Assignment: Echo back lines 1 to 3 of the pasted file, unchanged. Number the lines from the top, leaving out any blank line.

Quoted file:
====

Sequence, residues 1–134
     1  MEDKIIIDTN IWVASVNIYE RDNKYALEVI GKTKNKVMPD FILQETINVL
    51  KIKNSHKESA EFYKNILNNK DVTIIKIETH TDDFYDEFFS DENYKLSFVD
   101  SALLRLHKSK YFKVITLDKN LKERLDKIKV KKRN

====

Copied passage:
Sequence, residues 1–134
     1  MEDKIIIDTN IWVASVNIYE RDNKYALEVI GKTKNKVMPD FILQETINVL
    51  KIKNSHKESA EFYKNILNNK DVTIIKIETH TDDFYDEFFS DENYKLSFVD